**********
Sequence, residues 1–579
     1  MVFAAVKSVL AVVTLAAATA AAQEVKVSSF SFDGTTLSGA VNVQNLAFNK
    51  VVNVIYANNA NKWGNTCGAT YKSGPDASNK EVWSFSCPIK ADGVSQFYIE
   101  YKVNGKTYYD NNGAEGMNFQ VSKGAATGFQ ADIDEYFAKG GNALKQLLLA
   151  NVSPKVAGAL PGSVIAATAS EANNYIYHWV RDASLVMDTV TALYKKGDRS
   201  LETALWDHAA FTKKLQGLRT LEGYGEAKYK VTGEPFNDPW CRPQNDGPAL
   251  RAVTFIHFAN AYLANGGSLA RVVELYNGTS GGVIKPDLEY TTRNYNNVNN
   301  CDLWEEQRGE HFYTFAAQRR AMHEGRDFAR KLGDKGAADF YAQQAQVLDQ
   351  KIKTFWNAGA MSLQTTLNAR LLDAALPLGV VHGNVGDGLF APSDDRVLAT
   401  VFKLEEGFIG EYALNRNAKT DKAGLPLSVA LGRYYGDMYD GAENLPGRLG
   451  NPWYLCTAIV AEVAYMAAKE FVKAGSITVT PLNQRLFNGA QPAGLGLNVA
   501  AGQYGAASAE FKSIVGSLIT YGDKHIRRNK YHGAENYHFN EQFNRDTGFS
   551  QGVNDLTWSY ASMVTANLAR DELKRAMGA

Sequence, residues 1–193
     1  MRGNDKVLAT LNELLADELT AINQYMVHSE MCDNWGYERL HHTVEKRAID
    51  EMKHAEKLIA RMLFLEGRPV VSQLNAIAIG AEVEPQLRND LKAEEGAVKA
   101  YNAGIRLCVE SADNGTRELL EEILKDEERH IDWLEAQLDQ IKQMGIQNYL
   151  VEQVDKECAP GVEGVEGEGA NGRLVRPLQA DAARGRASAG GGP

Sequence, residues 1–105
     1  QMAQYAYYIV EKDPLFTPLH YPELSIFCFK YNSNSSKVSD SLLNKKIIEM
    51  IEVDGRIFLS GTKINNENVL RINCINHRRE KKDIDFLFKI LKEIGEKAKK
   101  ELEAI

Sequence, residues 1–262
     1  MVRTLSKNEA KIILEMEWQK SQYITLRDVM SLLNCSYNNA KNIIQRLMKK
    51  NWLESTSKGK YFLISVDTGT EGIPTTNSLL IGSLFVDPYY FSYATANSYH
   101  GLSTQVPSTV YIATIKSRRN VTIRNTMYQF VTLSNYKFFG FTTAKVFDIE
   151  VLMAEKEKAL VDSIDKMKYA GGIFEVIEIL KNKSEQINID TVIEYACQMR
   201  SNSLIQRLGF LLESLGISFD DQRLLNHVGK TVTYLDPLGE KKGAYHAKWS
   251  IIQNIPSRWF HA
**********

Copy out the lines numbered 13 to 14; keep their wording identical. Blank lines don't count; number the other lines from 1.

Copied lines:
   551  QGVNDLTWSY ASMVTANLAR DELKRAMGA

Sequence, residues 1–193